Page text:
|WikiProject Typography||(Rated Start-class, Mid-importance)|
What is hinting?
This piece doesn't clearly say what hinting is, only what it does and why it is used. 126.96.36.199 00:12, 16 August 2007 (UTC)
- I edited the article so that it's a little more clear what hinting is. The links to Microsoft's typography pages provide helpful visuals, but since they aren't free, I haven't included them. —Down10 TACO 02:32, 7 November 2007 (UTC)
I think the example illustration would be much clearer if it weren't also antialiased. i.e. show non-antialiased/non-hinted vs non-antialiased/hinted. It's also worth going through the 4 permutations (on a small display):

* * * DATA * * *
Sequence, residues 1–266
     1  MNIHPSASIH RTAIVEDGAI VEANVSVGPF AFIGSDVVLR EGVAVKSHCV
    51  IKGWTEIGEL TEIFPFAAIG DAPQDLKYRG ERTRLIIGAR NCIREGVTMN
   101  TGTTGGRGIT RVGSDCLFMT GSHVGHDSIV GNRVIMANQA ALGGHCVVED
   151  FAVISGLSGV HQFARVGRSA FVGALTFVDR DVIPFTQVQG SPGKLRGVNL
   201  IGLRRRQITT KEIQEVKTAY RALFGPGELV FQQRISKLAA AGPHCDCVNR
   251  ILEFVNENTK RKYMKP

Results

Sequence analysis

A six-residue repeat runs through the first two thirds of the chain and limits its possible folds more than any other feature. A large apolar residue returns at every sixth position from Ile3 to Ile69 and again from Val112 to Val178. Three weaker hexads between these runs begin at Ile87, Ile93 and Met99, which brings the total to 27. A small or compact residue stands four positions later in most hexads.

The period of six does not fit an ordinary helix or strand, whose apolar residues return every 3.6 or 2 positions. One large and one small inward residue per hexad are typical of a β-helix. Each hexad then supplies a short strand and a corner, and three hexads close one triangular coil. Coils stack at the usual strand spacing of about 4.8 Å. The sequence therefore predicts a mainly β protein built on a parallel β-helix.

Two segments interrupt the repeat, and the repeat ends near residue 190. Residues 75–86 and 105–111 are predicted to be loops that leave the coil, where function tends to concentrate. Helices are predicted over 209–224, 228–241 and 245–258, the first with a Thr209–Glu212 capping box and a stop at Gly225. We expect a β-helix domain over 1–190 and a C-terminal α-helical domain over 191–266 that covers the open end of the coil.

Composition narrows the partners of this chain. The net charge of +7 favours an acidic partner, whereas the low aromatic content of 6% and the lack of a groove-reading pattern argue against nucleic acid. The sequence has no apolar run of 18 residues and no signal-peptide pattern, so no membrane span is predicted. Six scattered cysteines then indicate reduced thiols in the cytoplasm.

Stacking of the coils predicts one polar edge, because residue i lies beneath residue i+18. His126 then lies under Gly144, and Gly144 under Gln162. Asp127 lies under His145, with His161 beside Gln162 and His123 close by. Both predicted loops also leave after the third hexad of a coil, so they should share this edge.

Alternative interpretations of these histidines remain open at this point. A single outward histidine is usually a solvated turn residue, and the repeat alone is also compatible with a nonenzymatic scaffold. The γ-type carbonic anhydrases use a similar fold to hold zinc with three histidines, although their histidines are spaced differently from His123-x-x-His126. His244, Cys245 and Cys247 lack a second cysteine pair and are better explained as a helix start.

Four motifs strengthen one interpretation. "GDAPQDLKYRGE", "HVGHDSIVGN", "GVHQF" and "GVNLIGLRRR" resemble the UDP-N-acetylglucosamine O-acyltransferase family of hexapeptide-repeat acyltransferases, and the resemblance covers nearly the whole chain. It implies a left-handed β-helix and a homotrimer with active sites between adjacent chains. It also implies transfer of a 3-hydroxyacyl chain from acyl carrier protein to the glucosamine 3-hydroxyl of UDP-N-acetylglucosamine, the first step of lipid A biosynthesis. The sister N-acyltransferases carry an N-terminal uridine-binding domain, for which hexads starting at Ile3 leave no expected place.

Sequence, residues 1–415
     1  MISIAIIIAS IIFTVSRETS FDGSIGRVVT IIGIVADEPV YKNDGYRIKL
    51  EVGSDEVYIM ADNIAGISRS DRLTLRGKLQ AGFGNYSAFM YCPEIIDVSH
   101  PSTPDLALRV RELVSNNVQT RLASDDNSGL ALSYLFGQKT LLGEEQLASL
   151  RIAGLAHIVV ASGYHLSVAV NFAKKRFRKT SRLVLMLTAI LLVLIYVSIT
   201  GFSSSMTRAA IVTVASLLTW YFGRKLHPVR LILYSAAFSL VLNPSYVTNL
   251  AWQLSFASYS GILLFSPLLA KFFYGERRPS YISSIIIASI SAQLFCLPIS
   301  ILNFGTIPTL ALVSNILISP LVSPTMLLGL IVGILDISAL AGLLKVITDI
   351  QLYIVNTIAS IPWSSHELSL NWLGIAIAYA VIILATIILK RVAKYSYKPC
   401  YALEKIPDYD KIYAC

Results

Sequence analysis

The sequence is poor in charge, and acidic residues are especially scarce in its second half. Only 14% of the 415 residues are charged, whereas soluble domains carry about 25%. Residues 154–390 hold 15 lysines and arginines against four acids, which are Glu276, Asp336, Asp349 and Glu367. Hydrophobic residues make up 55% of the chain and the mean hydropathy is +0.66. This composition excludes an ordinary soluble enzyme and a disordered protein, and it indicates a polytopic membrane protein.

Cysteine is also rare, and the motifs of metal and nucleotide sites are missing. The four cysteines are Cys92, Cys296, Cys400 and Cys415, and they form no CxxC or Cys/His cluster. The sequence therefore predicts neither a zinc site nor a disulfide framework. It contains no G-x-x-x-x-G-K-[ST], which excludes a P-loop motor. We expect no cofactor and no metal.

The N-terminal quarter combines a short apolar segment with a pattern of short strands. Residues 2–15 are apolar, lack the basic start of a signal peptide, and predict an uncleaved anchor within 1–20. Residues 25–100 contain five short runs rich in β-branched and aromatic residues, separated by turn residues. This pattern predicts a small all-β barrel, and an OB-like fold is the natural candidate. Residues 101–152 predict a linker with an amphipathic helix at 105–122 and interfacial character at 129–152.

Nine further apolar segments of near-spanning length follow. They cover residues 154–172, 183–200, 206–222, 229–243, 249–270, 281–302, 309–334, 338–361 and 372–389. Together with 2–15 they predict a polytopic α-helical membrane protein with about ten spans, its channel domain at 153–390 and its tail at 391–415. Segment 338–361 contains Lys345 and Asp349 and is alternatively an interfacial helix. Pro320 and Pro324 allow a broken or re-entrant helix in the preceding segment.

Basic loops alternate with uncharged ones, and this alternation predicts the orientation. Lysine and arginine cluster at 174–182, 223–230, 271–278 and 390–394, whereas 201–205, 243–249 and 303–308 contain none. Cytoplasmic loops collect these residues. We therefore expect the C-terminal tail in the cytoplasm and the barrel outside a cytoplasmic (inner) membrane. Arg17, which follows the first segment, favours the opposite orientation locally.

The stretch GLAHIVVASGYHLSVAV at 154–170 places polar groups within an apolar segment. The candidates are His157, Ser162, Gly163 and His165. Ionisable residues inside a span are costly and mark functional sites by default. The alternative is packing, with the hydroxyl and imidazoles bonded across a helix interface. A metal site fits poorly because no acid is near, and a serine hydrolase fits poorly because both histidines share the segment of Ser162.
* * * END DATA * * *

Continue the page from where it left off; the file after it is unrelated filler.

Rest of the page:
- non-antialiased, non-hinted → usually horrible, looks "spidery" (except for bitmap fonts at native resolution)
- antialiased, non-hinted → marginal improvement on antialiased/non-hinted.
- non-antialiased, hinted → very sharp and clear, but unfaithful to the glyph outlines. Some people (including myself) find this most readable.
- antialiased, hinted → clear and smooth. Most people prefer this look, but some find it makes the fonts look blurry and hard to focus on, resulting in eye-strain.
- subpixel-rendering increases smoothness (making hinting less necessary), but adds colour-fringing, which some viewers dislike.